Approach 1: on-the-fly rendering (while browsing the VCS)

With this approach, there is no static build phase. Instead, VCS platforms such as GitLab, GitHub or Gitea convert the md/rst/adoc document to HTML on the fly (on the server), while the user browses through the repository and looks at these files. Even editing such documents on the fly in a “web IDE” is also often possible, including a preview functionality, so that you can check the result before creating a new commit.

The main advantage of this approach is that your users won’t need any tools for viewing or editing. It can all be done in the browser. However, there are a few disadvantages:

  • You may have to figure out how to set up the server-side conversion. For instance, rendering reST or Asciidoc with Gitea requires setting up an external renderer.
  • Your users only see one rendered document at a time – the one that is currently opened. You cannot show a sidebar document in parallel, that e.g. offers a navigation structure in the left half, with the content of the current page being in the right half.

Approach 2: CI generation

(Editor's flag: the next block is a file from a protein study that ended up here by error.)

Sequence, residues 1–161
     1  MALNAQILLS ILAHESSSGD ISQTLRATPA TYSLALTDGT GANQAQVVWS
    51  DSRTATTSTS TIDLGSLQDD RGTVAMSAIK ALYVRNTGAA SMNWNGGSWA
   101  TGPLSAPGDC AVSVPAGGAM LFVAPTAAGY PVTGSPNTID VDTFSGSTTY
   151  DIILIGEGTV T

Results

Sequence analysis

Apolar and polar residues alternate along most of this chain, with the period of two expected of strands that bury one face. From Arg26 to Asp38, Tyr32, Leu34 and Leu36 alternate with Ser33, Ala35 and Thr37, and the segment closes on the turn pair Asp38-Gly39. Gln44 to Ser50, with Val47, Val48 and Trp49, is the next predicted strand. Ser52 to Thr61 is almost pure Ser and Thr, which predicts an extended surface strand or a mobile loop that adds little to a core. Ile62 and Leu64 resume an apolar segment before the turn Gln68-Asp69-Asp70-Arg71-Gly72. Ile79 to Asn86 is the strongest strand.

This approach configures a CI pipeline to produce rendered documentation (in, say, HTML and/or PDF) whenever a new commit was pushed that updated the documentation files. After rendering, documentation is uploaded to a HTTP server. This could be your own web server, a hosted service such as Read The Docs, or the “pages” feature offered by platforms like GitHub or GitLab. The CI automation ensures that the generated documentation stays up-to-date.

Like approach 1, this approach also requires effort to set up. Probably even more than for approach 1, because you now have more flexibility regarding the generation (more details below).

The advantages are:

  • The CI pipeline can create several artifacts at once, e.g. a PDF and HTML files.
  • You can use any kind of artifact you like, including HTML page generators optimized for reading and searching docs, e.g. with a dynamic sidebar.